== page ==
“Gareth J. Rubery ✪ Finding You ✪ Piano, String Quartet, Brass and Choir ✪ Garethjrubery.com.” YouTube. YouTube, 31 Dec. 2015.
CONNECTION BETWEEN STORY AND SONG:
On this Music Monday, I am replaying a song that I have used previously on a Music Monday. Why? Because the title is just so perfect for the books I am highlighting this week in my sale and the one that is now posting at darcyandlizzy.com. All three books have to do with people who are known to each other but who do not find each other until circumstances force each of them to view the other person differently.
Let’s take a look at an excerpt from each book that shows a small bit of that moment of realization.
EXCERPT FROM Her Father’s Choice:
~ Available for a reduced price beginning tomorrow ~
[This is the part where Elizabeth finally realizes that she not only finds Mr. Darcy to be a different man than she imagined him to be…she realized that several pages ago…but he is also the man that she loves.]
“Who are your fine feathered friends?” Mary asked Elizabeth.
A small burst of laughter escaped Lady Sophia. “They do rather look like a couple of preening parrots, do they not?” Her eyes twinkled with amusement. “Miss Ivison is in the green, and Miss Pearce is in the blue. They are two of the ton’s best gossips.”
“And apparently friends of Miss Bingley,” said Elizabeth. “They have had news from her.”
Mary rolled her eyes.
“You do not like Miss Bingley?” asked Georgiana.
“I do not like her behaviour,” Mary said very primly. “She is always trying to elevate herself by lowering others. It is not right. ”
“No,” agreed Lady Sophia, “putting another down to raise yourself up is not right and often ends in embarrassment and disappointment. But, it is, unfortunately, a common trait within the ton, and a disappointed lady with such a fault in character can be very cunning and cruel.”
Georgiana smiled at Elizabeth. “I imagine Miss Bingley is very disappointed since she can no longer claim my brother for herself.”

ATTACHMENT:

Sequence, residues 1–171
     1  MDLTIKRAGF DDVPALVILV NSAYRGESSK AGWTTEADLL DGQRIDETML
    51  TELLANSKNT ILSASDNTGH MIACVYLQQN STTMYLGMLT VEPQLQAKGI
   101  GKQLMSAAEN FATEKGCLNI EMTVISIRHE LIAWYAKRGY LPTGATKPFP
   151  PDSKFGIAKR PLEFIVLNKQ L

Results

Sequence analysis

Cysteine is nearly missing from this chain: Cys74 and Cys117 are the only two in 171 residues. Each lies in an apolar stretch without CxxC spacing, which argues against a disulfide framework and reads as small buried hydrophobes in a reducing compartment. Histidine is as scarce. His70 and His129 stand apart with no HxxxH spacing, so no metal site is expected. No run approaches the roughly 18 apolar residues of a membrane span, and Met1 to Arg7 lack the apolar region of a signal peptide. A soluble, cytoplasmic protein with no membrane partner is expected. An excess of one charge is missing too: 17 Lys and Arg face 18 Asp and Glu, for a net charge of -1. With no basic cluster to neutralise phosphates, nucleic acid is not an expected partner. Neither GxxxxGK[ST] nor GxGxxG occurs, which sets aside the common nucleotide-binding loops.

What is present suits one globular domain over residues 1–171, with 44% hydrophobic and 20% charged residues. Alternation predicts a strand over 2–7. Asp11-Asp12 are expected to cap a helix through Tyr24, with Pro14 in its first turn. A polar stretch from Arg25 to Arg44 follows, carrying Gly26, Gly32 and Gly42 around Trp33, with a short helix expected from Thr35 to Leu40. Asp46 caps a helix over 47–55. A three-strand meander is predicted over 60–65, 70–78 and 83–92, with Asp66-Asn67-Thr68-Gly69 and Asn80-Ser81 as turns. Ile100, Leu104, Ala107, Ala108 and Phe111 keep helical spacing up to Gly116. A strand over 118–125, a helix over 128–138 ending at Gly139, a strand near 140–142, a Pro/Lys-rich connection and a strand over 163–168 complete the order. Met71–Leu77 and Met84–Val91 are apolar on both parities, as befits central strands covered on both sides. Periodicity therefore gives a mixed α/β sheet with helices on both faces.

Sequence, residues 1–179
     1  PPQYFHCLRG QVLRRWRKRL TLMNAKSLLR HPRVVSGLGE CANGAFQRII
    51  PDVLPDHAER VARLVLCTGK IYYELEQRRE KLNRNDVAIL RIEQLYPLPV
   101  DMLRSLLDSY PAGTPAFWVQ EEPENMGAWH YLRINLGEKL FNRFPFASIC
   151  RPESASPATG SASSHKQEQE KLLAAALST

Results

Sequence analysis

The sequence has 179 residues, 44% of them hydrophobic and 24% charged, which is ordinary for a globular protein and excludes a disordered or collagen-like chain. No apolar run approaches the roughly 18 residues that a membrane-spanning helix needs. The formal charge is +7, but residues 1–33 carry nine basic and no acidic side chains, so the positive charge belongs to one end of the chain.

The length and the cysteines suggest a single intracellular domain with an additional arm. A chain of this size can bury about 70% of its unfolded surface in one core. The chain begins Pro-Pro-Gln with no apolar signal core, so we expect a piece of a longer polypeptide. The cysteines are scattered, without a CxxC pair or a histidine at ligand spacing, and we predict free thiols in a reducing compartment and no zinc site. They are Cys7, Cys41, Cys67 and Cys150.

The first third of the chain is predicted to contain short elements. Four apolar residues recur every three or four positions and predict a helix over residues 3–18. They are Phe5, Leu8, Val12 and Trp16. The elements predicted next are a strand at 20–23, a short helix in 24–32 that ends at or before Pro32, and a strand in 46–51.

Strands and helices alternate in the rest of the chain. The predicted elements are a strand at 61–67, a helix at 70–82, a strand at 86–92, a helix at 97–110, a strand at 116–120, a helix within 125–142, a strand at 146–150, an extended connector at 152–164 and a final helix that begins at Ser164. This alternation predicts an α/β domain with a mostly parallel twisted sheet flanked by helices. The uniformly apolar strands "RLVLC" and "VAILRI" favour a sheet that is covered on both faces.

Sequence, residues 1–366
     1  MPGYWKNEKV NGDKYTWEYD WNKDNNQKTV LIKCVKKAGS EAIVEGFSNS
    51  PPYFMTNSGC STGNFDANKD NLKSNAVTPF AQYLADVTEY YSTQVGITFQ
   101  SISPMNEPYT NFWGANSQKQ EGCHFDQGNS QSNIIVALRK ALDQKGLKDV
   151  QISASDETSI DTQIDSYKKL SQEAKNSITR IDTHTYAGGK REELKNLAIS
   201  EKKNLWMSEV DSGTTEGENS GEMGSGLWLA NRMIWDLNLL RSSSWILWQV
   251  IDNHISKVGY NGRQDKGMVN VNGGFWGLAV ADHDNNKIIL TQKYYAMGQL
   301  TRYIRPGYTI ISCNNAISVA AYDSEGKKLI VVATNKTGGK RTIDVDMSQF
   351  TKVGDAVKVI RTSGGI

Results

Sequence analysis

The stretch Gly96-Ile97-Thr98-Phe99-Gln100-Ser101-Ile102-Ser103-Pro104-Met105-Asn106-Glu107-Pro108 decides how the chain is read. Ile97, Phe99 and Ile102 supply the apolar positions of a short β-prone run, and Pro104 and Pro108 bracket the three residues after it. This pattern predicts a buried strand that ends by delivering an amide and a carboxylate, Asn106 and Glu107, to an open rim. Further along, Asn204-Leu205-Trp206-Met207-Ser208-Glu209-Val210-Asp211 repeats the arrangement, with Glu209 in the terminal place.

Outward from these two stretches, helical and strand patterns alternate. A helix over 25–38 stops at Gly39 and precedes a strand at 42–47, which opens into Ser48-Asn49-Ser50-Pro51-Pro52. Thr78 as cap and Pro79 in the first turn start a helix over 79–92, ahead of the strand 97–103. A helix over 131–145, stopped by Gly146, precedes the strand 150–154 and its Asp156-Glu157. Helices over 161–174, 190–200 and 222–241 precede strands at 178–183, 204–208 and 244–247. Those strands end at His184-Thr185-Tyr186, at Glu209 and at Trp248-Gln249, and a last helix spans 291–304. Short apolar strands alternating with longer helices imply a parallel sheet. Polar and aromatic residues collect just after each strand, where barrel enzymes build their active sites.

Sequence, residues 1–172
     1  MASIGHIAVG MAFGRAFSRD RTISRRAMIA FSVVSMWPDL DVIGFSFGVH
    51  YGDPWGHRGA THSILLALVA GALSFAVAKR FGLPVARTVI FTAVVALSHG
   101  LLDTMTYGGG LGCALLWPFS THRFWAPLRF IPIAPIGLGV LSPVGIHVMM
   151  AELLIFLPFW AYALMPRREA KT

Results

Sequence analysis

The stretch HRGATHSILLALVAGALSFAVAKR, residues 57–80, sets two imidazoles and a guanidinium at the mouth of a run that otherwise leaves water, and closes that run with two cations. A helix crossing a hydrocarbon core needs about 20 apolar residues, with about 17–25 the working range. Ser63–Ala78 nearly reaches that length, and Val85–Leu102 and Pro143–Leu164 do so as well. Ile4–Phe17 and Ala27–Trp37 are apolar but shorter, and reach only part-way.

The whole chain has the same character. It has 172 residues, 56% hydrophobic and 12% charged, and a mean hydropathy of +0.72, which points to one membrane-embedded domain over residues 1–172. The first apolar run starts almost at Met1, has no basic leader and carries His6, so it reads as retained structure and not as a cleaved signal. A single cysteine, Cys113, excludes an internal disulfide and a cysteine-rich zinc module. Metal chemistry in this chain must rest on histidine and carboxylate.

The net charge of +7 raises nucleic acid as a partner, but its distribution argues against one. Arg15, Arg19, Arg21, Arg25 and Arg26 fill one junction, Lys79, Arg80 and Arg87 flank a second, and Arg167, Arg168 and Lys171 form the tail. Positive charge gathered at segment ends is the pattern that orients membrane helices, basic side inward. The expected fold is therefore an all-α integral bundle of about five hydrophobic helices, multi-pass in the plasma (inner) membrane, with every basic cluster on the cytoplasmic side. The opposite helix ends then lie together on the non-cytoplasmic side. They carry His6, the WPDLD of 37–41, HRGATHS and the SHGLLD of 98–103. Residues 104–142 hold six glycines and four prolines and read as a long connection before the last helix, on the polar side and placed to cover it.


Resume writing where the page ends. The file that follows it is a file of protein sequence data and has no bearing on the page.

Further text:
“As are Miss Ivison and Miss Pearce,” said Lady Sophia. “I fear you will have to face several jealous ladies, my dear.”
“Do not fear, Miss Bennet. You have already given a strong signal to the ton that you are not weak.”
Elizabeth’s brows pulled together in question.
“You rose to your own defense and that of your intended. News of your defense will circulate. Those two cannot keep a bit of news to themselves even if it does show them in a poor light.” She noted the look of shock on Elizabeth’s face. “It is a strange world which you have entered.”
Elizabeth agreed. She was not unfamiliar with such behaviour. It was, after all, the work of gossip which found her now betrothed to Mr. Darcy. Gossip spread by her aunt, someone who did not consider the effects the gossip might have on her niece. She shook her head. “I believe it is the nonsensical nature of gossip which continues to surprise me.”
“That, my dear, is because you possess what they do not ─ sense. And,” she continued as she climbed into the carriage, “it is why I am so pleased that you are marrying my nephew. He cannot abide the nonsensical and needs a woman of sense which he will now have.” She pulled her skirts in to allow Elizabeth to sit next to her. “I am beyond happy to have you as a niece, my dear. Beyond happy.”